In 2011 I had the opportunity to write two articles for the fall issue of Hops Magazine, an English-language quarterly serving mainly the residents of Shanghai and Beijing. Hops describes itself as “the only magazine in China dedicated exclusively to beer culture. We strive to provide in depth and accurate coverage of the evolving beer market, including venues and events, the professional marketplace and the science of brewing.”
For those interested in learning how to cook with beer, you’re in luck! For this article I wrote how to make beer-battered fish tacos using Tsingtao. For a link directly to the article, go here.
Now that summer is over and that bottle of Tsingtao is no longer a replacement for water, it’s time to find some other uses for that beer. Why not use it in some of your favorite recipes?
There are hundreds of recipes for breads, stews, soups and meats, which use beer of all types, ranging from hearty stouts to bitter ales. It’s not difficult to see how beer can be an integral part of any recipe with its range of possibilities.
Irish Pubs are pub staples the world over. On a trip to Mongolia I took in 2010, the capital city of Ulaanbator boasted two Irish pubs, each claiming to be the original Mongolian Irish pub. Shanghai is no different with its maddening number of pubs and bars. However, the Blarney Stone appeared to be one of the more authentic of them and I had the opportunity to interview one of the owners for an article about the French Concession mainstay. For the full article, go here.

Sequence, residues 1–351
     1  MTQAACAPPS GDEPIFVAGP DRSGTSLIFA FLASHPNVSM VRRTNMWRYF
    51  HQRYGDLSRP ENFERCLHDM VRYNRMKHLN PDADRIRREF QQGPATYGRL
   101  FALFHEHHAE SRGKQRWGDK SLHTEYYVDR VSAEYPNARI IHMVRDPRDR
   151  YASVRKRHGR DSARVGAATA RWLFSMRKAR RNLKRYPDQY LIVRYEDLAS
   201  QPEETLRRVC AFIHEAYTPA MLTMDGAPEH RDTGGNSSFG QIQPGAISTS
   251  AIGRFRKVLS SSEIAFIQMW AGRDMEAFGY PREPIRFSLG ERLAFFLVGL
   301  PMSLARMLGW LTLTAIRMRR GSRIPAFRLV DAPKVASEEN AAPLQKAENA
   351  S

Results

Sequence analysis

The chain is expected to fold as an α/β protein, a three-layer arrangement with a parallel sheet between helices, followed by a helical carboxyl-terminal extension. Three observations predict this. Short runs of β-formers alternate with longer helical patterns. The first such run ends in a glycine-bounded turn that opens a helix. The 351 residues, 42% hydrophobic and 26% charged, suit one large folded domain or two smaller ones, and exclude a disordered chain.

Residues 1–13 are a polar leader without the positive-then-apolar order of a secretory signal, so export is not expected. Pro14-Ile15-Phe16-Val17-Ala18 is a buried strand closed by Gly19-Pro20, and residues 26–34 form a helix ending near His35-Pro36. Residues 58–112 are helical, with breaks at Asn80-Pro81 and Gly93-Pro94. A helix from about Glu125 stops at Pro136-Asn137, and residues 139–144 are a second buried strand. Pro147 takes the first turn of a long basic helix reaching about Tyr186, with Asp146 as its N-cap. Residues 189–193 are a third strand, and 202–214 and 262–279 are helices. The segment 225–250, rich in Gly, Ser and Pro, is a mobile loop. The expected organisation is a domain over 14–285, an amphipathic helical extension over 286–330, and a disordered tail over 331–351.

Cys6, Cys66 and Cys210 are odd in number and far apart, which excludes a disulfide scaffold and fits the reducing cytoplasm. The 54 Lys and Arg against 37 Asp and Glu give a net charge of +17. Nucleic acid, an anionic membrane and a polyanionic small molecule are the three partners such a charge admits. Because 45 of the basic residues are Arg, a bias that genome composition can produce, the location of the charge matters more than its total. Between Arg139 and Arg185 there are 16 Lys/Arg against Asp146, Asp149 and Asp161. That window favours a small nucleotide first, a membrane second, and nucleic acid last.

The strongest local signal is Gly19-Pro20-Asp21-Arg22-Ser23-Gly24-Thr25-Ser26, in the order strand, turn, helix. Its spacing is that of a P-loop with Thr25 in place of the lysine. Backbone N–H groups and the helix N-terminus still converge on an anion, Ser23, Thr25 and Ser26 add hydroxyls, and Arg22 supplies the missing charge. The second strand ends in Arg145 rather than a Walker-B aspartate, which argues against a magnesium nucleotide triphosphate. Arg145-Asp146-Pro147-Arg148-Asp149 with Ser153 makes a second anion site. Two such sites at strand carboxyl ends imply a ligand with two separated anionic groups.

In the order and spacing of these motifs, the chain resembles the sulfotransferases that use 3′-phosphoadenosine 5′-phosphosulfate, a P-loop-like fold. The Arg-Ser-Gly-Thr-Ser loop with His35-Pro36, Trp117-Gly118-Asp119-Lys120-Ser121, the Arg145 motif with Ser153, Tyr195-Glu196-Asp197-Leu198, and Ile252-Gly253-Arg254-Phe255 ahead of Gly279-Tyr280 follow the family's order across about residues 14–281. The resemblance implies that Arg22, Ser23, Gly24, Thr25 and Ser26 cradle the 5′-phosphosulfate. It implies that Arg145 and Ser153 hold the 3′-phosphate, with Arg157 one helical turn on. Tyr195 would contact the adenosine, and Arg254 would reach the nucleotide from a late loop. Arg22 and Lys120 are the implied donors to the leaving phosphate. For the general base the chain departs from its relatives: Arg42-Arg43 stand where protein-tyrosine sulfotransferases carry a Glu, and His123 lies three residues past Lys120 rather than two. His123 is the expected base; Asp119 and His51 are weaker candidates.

If you’re looking for a true Irish pub experience in Shanghai, the Blarney Stone is the place to go. The low ceilings, rustic knick-knacks, dark stained wood and ever-necessary Guinness make it the ideal Irish pub to spend after a day of hard work, and not only for its authentic environment. The patrons who pour into the pub in the evenings are regulars, knowing exactly what they want to drink and where they want to sit.
This rich atmosphere didn’t happen overnight. It’s taken years of dedication by its owner-managers, one of whom is Dave Kelly, a Dublin native, who came to Shanghai a decade ago to work.